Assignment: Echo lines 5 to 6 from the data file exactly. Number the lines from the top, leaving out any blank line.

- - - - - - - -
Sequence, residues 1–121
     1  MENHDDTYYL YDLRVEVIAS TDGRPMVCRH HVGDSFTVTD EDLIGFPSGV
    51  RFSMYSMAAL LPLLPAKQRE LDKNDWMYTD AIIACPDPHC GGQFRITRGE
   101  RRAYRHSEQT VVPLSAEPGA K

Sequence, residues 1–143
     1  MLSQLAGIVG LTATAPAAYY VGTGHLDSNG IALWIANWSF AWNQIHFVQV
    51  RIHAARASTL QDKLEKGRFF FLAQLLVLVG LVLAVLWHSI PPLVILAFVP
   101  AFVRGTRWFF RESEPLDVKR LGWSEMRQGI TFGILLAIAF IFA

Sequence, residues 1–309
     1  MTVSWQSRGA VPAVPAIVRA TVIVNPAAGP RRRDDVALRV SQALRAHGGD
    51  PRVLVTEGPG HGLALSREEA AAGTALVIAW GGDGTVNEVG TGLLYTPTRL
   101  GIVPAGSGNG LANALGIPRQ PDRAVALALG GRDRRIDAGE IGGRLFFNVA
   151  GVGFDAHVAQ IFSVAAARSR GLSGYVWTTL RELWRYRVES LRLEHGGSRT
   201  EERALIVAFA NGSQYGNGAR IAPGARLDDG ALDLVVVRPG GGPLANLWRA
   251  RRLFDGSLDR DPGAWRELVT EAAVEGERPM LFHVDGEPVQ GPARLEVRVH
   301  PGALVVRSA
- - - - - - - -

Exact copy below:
Sequence, residues 1–143
     1  MLSQLAGIVG LTATAPAAYY VGTGHLDSNG IALWIANWSF AWNQIHFVQV